Source Code Scanner

Source Code Scanner plug-in enables Multilizer to localize source code files.

There is out-of-the-box localization support for the following source code formats:

  • Pascal (Object Pascal, Delphi, Free Pascal, Pascal script)
  • Microsoft SQL Server sql
  • Basic (Visual Basic, VB Script)
  • Java
  • Python

Other formats are supported by simply specifying rules for how to identify texts and comments.

This scanner plug-in is made as simple as possible. For more comprehensive configuration options and regular expressions support, see Custom Text Scanner.



Source file. Specify the file to localize. Use wildcards to specify multiple files. The scanner tells how many files meet the wildcard criteria.

Process subfolders. Check this option, if the scanner should scan also all subfolders recursively.

Output directory. Specifies the directory where the localized files will be created. This is the directory where Multilizer creates the localized output files and subdirectories. You can specify the name of the localized files and directories by setting Type and Language code.

Note! Both Source file and Output directory can be specified either with relative path or with absolute path. Relative path is related to Multilizer project location.

Output file name

Type. Specifies how and where MULTILIZER creates the localized file version(s). Possible options are:

Subdirectory Create localized file(s) in sub directories named by language and locale.
Bundle name Append the language and locale information in the output file name.
File extension Replace the original file extension with language and locale information.

Coding. Selects file name initial coding style. Possible values are:

ISO ISO standard coding style.
.NET Microsoft .Net coding style.
Windows Windows coding style.

Source Type

Source Type. Specify the format (the programming language) of the text file to parse.

Either use the pre-defined source type or specify the options manually by selecting Custom as source type.

Settings for Custom source type:



Character that specifies begin/end of a string . This is called string delimiter.

Source scanner requires that the delimiter is the same for the beginning and the end of the string.

Some source code formats, such as PHP, support multiple delimiters. If you need support for this contact us.

Escape This denotes how a string delimiter inside the text is escaped.
CommentLine Begin character/string of a single-row comment. End-of-line is assumed as the end of a single-row comment.
Block start Begin character/string of a block comment. A block comment can span over multiple rows. Block end character is used to mark end of a block comment.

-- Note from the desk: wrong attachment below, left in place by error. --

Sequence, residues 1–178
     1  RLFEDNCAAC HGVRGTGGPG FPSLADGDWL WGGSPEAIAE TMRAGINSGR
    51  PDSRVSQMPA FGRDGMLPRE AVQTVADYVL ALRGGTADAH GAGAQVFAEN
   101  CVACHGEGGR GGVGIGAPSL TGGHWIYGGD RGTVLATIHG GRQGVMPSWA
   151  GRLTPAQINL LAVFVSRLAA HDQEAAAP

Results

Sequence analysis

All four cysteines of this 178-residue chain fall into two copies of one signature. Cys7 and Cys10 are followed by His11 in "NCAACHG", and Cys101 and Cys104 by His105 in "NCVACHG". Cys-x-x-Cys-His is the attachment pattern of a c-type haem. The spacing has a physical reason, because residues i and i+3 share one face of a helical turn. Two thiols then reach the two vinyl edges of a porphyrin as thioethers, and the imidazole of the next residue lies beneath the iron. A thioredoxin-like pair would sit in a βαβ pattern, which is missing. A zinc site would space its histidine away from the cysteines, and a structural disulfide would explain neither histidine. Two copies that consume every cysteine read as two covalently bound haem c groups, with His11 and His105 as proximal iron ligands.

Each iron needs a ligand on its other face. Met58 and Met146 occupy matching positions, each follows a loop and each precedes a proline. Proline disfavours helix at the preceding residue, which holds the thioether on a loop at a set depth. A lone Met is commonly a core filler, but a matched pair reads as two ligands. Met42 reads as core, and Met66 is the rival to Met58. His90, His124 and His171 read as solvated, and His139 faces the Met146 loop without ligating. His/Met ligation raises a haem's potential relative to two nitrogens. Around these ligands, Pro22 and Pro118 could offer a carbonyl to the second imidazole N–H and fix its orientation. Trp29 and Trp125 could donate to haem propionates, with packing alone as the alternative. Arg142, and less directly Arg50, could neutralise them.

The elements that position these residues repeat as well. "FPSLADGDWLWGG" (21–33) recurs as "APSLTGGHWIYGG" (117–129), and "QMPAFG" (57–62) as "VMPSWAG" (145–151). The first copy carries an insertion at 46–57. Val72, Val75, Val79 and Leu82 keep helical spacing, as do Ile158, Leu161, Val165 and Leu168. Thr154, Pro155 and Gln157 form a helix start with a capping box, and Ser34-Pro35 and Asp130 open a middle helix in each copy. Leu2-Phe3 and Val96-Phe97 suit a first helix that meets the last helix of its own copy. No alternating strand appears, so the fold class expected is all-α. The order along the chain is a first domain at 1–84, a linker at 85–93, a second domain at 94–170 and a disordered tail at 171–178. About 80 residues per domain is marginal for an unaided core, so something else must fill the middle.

Block end End character/string of a block comment


Native (source) language. Specifies the native language that is used in the target . Set this to match the language in the original user interface. If the original user interface contains two or more languages mixed, set the language to most widely used.

Native (source) encoding. Specifies the native encoding that is used in the target with each character set.

Encoding list. Contains the encodings to be used in the localized files. To change the value right click the line and select a new value.

Write byteorder mark (BOM). This option applies when writing out Unicode encoded files.


On this tab the user can specify additional directives for scanning source code.

Scan directives. Specify scan directives, if you have tagged the source code to specify how Multilizer should work.

By default the scanner scans all strings. It is set in Exclusive scan mode: it scans all strings except those that are specifically marked for no scanning. Strings are marked in source code by specifying an end-of-the-row comment for the source line.

If there user specifies nomlz in scan directives and the Pascal code looks like this...

  str1:='1st string';
  str2:='2nd string'; // This is a comment
  str3:='3rd string'; // nomlz

... the scanner will scan strings '1st string' and '2nd' string only.

Context format. Choose whether the context looks like the text having been scanned or as hash. Hash is the preferred way.

Context prefix. This option gives an additional part to the context for identifying the string. Setting context prefix to File name makes it easier to find the strings of a specific file in Multilizer project.

Note! Modifying the contexts requires a scan after the change. This can cause loss of translations. Therefore context settings should be set properly before starting translation.